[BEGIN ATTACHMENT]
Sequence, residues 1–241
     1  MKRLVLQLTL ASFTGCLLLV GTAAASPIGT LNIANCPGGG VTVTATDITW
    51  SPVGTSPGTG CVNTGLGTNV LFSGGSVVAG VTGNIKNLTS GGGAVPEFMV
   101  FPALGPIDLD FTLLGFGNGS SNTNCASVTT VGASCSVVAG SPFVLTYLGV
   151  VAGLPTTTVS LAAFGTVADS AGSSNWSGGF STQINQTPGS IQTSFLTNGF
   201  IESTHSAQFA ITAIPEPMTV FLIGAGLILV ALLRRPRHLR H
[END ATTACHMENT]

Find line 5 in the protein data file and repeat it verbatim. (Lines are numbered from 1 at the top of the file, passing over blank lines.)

   151  VAGLPTTTVS LAAFGTVADS AGSSNWSGGF STQINQTPGS IQTSFLTNGF